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few cases) the usual plan of indicating the existence of omissions or insertions. My father's letters give frequent evidence of having been written when he was tired or hurried, and they bear the marks of this circumstance. In writing to a friend, or to one of his family, he frequently omitted the articles: these have been inserted without the usual indications, except in a few instances (e. g. vol. i. p. 177), where it is of special interest to preserve intact the hurried character of the letter. Other small words, such as of, to, &c., have been inserted usually within brackets. I have not followed the originals as regards the spelling of names, the use of capitals, or in the matter of punctuation. My father underlined many words in his letters; these have not always been given in italics,a rendering which would unfairly exaggerate their effect.
The Diary or Pocket-book, from which quotations occur in the following pages, has been of value as supplying a framework of facts round which letters may be grouped. It is unfortunately written with great brevity, the history of a year being compressed into a page or less; and contains little more than the dates of the principal events of his life, together with entries as to his work, and as to the duration of his more serious illnesses. He rarely dated his letters, so that but for the Diary it would have been all but impossible to unravel the history of his books. It has also enabled me to assign dates to many letters which would otherwise have been shorn of half their value.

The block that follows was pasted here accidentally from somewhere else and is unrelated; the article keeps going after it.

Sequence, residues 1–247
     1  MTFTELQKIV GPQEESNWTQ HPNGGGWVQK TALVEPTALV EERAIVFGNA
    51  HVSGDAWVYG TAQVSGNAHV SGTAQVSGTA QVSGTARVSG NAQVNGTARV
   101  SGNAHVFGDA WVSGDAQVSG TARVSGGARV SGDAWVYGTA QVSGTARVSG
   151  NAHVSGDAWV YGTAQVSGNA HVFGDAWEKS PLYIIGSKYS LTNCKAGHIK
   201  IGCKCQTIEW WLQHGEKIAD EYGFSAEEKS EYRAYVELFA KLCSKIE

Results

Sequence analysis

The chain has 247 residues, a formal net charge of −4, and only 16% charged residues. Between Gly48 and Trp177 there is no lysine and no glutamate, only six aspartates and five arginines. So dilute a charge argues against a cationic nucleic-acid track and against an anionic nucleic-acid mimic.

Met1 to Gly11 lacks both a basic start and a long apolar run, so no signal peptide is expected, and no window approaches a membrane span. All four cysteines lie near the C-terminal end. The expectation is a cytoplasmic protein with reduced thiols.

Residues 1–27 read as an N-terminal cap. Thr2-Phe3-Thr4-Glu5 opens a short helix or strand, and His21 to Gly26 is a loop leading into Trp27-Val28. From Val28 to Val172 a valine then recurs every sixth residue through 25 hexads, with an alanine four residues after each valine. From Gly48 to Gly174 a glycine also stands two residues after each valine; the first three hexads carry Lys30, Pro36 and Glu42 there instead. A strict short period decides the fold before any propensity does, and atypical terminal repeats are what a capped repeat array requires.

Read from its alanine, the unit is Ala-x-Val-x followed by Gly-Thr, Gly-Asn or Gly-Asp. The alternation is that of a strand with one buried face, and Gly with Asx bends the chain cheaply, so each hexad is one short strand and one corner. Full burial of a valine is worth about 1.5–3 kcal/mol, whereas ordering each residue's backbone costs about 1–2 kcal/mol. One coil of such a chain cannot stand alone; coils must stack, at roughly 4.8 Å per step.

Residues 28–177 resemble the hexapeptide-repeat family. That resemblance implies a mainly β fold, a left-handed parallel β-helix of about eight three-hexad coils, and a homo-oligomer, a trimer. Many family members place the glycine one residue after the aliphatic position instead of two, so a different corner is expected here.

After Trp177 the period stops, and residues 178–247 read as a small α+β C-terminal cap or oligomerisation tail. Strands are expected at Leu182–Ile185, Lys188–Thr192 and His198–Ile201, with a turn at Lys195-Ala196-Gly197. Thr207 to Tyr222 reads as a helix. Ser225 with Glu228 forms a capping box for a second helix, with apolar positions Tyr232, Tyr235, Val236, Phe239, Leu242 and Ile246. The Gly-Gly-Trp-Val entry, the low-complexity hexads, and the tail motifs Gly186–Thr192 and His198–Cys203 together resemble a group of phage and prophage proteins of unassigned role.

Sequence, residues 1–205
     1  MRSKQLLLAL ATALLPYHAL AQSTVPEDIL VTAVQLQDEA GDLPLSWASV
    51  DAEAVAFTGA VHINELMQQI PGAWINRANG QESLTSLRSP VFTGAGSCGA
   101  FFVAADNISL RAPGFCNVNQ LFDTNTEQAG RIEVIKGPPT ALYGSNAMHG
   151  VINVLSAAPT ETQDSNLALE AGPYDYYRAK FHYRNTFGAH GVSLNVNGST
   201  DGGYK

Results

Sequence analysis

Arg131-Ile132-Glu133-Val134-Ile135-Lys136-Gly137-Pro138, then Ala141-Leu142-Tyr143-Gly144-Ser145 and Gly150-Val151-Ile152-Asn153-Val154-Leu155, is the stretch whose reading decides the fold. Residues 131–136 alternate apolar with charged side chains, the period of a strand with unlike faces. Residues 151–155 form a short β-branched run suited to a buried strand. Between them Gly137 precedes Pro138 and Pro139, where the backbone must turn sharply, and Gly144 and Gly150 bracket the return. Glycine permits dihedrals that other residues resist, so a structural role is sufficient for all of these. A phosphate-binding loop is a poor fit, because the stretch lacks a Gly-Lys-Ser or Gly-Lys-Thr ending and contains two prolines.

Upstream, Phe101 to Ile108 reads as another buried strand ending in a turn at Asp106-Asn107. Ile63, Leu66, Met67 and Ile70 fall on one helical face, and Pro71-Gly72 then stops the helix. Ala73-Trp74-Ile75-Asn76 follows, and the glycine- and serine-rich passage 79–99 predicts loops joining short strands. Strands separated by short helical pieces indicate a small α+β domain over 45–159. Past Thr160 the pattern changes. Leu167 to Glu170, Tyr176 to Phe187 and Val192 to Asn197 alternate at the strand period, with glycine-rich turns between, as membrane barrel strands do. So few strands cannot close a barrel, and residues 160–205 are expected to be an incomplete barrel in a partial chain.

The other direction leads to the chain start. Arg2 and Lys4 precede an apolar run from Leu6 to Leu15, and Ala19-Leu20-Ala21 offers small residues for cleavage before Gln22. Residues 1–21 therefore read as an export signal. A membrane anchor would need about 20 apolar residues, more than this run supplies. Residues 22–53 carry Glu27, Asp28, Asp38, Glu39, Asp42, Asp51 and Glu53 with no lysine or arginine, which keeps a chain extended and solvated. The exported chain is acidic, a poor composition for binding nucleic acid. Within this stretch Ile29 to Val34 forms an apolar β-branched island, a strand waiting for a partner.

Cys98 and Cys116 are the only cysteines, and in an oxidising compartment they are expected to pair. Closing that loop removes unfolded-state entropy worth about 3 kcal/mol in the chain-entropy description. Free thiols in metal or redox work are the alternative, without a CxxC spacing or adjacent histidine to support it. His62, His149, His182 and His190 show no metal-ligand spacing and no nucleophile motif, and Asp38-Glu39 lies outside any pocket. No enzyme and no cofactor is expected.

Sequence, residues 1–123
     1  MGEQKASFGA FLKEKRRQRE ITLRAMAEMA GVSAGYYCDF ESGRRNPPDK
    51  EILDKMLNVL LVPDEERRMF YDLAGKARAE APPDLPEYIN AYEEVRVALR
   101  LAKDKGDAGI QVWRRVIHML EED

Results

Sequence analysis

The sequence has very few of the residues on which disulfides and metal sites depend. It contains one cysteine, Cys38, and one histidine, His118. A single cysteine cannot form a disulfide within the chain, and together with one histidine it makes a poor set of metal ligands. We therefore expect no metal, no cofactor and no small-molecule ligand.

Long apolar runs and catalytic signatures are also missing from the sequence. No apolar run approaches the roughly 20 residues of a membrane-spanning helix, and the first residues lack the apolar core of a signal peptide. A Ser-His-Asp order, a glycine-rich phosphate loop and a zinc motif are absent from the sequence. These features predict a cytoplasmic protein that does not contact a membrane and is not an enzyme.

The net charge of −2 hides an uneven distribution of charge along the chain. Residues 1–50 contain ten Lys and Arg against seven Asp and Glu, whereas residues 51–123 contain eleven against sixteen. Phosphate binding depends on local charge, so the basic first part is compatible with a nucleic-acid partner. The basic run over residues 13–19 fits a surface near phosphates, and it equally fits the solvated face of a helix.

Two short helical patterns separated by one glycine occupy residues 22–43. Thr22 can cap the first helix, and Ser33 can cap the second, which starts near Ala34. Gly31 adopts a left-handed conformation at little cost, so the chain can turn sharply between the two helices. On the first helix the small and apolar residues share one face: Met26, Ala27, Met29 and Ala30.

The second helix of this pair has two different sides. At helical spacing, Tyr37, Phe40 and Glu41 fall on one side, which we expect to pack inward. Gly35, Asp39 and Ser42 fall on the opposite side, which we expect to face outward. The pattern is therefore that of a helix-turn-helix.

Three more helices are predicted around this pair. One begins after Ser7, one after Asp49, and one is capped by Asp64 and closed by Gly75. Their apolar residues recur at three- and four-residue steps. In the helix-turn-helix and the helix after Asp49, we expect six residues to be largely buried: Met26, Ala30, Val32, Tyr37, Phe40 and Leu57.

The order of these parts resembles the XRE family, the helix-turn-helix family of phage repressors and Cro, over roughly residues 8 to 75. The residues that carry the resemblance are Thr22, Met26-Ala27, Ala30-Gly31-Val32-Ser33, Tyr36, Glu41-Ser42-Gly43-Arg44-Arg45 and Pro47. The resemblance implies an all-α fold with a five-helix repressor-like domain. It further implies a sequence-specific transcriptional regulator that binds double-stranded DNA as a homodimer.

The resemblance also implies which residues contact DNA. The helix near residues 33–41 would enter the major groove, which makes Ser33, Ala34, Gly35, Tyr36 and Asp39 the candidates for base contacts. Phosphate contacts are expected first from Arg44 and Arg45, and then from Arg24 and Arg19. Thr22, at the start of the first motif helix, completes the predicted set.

Of letters addressed to my father I have not made much use.
It was his custom to file all letters received, and when his slender stock of files (“spits" as he called them) was exhausted, he would burn the letters of several years, in order that he might make use
of the liberated “spits." This process, carried on for years, destroyed nearly all letters received before 1862. After that date he was persuaded to keep the more interesting letters, and these are preserved in an accessible form.
I have attempted to give, in Chapter III., some account of his manner of working. During the last eight years of his life I acted as his assistant, and thus had an opportunity of knowing something of his habits and methods.
I have received much help from my friends in the course of my work. To some I am indebted for reminiscences of my father, to others for information, criticisms, and advice. To all these kind coadjutors I gladly acknowledge my indebtedness. The names of some occur in connection with their contributions, but I do not name those to whom I am indebted for criticisms or corrections, because I should wish to bear alone the load of my short-comings, rather than to let any of it fall on those who have done their best to lighten it.
It will be seen how largely I am indebted to Sır Joseph Hooker for the means of illustrating my father's life. The readers of these pages will, I think, be grateful to Sir Joseph for the care with which he has preserved his valuable collection of letters, and I should wish to add my acknowledgment of the generosity with which he has placed it at my disposal, and for the kindly encouragement given throughout
To Mr. Huxley I owe a debt of thanks, not only for much kind help, but for his willing compliance with my request that he should contribute a chapter on the reception of the Origin of Species.'
Finally, it is a pleasure to acknowledge the courtesy of the publishers of the Century Magazine' who have freely given me the use of their illustrations. To Messrs. Maull and Fox and Messrs. Elliott and Fry I am also indebted for their kindness in allowing me the use of reproductions of their photographs.